In The New York Times, philosopher Simon Critchley scolds his "horribly overeducated and hugely liberal" New York friends for their casual but incessant bashing of the LDS religion. So far, so good in his essay, "Why I Love Mormonism."
But Mitt Romney probably wishes Critchley stopped there.
... when anti-Mormon prejudice is persistently pressed and expressed, and I perhaps feel momentarily and un-Mormonly emboldened by wine, I begin to try and share my slim understanding of Joseph Smith and my fascination with the Latter-day Saints. After about 45 seconds, sometimes less, it becomes apparent that the prejudice is based on sheer ignorance of the peculiar splendors of Mormon theology.
He goes on (and on) to explain some of the more arcane of splendors of Mormon belief (BTW: The NYTimes is not The Salt Lake Tribune religion page, so expect a fascinating but challenging intellectual discussion, requiring thinking and stuff).
In the process, Critchley probably doesn't build any bridges between Mitt and the GOP's Evangelical Christians. Lord knows they already view his all-American religion with suspicion.
Critchley gave a series of lectures at Brigham Young University in the mid-1990s and he shares a few things he learned during his stay in Provo:
-- For a start, God did not create space and time, but is subject to them and therefore is not an infinite being.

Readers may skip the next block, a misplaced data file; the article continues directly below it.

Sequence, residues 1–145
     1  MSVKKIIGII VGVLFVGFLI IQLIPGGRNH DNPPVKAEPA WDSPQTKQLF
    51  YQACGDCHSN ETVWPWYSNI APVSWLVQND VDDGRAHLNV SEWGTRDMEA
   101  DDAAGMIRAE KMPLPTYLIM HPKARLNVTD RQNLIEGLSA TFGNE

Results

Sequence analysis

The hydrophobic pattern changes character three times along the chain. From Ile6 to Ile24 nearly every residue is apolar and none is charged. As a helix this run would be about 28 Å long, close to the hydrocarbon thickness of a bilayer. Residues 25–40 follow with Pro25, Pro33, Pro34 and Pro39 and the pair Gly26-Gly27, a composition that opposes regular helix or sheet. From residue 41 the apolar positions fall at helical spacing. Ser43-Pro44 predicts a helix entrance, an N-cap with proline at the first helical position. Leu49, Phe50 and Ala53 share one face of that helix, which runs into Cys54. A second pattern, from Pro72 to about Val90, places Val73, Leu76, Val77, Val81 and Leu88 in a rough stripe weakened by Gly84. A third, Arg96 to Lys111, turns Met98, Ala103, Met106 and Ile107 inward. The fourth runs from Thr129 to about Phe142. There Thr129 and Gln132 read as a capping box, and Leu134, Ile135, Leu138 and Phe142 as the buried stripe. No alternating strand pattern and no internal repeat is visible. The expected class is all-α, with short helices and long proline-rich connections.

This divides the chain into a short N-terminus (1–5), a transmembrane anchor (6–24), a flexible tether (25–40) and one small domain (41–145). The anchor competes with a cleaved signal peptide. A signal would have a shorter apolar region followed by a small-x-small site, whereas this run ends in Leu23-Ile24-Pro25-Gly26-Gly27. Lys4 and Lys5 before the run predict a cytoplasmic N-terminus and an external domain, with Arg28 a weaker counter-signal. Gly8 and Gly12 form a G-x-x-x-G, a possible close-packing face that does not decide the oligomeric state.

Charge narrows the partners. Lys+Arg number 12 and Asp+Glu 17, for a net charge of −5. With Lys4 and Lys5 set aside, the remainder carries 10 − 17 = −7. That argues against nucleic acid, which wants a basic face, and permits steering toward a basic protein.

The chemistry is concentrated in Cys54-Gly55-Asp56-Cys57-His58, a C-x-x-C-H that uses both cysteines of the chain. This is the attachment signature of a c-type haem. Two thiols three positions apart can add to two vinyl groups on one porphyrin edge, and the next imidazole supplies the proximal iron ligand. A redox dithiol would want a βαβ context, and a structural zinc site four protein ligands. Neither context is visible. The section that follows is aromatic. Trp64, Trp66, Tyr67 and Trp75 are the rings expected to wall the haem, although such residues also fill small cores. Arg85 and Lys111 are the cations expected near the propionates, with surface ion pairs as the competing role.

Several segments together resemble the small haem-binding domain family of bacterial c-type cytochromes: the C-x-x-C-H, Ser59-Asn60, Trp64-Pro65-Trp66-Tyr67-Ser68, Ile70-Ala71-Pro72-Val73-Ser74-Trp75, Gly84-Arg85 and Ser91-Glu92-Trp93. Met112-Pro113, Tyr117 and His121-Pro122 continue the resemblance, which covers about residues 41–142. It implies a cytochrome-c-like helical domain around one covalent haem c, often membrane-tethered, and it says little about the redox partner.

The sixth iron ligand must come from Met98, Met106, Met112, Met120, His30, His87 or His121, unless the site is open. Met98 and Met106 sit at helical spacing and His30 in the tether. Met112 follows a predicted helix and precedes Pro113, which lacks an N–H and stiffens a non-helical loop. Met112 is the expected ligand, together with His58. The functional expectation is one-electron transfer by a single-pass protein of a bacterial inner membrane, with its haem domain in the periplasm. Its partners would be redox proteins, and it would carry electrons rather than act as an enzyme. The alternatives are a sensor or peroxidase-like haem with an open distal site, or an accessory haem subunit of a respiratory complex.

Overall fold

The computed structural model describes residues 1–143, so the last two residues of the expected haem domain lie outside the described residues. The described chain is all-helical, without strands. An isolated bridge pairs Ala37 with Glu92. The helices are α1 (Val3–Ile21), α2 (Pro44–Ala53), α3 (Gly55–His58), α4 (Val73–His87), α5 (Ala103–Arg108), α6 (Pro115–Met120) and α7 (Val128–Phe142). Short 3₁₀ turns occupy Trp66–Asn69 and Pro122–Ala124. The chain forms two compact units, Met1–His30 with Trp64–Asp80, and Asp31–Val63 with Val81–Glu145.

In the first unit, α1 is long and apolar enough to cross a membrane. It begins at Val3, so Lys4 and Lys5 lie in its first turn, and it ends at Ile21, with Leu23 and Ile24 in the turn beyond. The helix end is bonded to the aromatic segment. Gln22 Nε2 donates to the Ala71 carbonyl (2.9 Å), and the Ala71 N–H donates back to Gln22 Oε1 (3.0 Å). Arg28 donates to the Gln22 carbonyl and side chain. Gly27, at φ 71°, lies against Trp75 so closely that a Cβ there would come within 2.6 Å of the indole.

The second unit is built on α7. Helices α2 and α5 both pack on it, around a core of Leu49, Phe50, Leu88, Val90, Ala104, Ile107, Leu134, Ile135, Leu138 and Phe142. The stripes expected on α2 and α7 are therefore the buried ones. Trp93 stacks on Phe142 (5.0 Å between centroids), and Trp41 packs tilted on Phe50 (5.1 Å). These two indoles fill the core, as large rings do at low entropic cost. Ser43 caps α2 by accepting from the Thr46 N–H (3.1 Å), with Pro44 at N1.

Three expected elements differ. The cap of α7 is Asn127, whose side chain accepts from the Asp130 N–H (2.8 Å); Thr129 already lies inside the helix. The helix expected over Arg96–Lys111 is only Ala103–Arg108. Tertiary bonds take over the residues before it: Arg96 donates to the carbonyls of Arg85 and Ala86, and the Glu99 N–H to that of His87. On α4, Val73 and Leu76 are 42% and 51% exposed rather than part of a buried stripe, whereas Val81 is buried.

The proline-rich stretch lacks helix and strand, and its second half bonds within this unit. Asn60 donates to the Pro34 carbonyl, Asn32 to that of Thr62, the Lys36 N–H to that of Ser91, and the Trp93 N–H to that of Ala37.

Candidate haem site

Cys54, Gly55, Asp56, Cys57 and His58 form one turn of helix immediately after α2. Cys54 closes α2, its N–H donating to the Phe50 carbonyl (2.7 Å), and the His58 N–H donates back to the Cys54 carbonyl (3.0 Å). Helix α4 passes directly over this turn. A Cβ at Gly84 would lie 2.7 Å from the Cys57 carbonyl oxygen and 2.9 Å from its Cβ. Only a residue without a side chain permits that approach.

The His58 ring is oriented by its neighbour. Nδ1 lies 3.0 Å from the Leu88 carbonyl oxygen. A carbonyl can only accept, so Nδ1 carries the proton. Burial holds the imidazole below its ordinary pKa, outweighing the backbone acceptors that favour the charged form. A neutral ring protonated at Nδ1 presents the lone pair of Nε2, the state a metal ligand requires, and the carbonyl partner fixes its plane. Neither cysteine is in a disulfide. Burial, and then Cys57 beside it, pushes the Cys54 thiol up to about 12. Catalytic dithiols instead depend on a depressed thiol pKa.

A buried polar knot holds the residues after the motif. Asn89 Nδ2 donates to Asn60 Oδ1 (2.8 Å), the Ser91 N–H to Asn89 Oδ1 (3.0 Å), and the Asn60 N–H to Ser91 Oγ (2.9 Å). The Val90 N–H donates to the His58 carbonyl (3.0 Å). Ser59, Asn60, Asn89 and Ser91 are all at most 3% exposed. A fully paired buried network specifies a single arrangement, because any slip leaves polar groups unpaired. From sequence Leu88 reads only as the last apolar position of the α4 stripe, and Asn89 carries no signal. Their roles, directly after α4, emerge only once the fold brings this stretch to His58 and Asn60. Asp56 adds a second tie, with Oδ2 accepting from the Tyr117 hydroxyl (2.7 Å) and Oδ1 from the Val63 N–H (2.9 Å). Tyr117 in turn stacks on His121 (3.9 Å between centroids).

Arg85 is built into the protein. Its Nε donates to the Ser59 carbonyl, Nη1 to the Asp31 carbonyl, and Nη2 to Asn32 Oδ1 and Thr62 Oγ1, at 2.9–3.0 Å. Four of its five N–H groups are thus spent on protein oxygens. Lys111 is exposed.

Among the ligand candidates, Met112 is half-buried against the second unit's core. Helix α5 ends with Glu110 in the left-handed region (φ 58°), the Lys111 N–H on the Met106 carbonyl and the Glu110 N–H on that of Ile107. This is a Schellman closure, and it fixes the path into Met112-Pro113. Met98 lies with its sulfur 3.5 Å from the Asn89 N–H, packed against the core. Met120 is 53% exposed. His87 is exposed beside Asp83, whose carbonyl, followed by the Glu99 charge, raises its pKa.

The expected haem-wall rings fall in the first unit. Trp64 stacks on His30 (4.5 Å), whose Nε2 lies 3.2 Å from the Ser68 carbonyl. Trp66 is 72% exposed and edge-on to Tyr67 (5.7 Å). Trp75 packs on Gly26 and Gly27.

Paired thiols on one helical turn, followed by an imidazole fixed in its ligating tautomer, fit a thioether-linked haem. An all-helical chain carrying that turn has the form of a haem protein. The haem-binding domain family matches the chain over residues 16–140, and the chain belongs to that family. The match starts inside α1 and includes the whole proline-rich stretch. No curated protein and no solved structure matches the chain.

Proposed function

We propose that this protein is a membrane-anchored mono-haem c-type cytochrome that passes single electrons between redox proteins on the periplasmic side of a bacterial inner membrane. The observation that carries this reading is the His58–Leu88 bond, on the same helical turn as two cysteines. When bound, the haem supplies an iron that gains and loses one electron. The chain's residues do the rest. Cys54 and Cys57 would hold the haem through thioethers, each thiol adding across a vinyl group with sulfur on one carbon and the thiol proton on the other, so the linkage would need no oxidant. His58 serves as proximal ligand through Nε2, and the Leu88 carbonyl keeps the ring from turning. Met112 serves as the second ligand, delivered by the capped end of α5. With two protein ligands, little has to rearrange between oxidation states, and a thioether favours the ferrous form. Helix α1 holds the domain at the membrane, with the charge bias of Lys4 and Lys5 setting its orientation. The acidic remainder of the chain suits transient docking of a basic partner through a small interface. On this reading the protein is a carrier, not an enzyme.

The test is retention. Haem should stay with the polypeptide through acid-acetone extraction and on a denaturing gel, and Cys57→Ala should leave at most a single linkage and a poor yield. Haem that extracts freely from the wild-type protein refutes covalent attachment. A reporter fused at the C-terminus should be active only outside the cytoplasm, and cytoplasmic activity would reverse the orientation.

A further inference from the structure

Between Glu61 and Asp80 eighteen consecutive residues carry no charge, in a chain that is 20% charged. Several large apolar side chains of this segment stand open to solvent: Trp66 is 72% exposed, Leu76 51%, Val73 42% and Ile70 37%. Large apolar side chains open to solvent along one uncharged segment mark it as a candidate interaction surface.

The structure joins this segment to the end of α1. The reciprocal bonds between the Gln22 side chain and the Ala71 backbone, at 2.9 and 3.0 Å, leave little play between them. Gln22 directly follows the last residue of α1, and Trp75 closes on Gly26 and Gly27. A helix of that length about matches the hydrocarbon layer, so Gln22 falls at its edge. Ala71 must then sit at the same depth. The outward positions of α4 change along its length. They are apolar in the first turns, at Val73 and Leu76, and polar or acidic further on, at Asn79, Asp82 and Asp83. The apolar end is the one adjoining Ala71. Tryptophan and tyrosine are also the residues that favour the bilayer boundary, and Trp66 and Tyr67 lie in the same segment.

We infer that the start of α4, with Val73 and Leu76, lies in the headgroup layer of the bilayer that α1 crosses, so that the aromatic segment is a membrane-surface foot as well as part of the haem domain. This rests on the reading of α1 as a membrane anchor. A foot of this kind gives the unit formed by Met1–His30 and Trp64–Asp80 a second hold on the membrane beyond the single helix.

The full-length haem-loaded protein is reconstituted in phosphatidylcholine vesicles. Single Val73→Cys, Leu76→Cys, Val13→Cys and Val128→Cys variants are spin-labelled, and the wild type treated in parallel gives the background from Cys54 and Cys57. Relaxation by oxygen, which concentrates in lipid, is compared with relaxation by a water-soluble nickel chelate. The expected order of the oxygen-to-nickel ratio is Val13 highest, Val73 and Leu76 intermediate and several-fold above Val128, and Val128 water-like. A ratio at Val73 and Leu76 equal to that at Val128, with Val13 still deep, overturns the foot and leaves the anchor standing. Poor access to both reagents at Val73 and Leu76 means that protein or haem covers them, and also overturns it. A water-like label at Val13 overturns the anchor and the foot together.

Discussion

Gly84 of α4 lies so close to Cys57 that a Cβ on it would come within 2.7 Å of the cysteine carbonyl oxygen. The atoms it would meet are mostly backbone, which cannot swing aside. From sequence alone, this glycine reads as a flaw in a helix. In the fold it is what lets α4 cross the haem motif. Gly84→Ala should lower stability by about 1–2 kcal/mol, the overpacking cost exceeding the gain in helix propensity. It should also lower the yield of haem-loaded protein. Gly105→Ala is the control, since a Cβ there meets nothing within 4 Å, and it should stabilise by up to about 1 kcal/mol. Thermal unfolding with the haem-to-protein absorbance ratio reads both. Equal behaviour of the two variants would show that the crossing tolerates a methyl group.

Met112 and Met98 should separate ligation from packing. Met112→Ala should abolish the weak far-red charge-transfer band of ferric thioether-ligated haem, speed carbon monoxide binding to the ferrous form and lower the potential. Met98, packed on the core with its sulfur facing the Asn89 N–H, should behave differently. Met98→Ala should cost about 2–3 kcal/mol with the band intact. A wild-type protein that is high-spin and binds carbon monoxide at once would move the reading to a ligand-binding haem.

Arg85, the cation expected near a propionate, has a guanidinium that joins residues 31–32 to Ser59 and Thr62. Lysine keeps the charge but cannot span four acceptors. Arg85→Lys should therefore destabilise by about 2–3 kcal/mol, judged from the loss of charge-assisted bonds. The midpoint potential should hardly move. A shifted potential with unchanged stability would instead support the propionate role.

-- Any male Mormon can inherit the same "power and glory as God and become exalted like him." Or as another Mormon leader pithily explained it: "As man now is, God once was. As God now is, man may be."
-- Smith's explanation of the thorny Holy Trinity relationship likely would have gotten him burned at the stake in the 16th Century.
In short, Critchley's valentine to the Mormon religion is complex and thought provoking and isn't any stranger than transubstantiation or virgin birth. But the essay also clearly explains why Mitt Romney, who presumably believes he has a shot at godhood, hasn't committed a lot of time explaining his religion to the Evangelicals he needs to win the somewhat less exhalted post of president of the United States.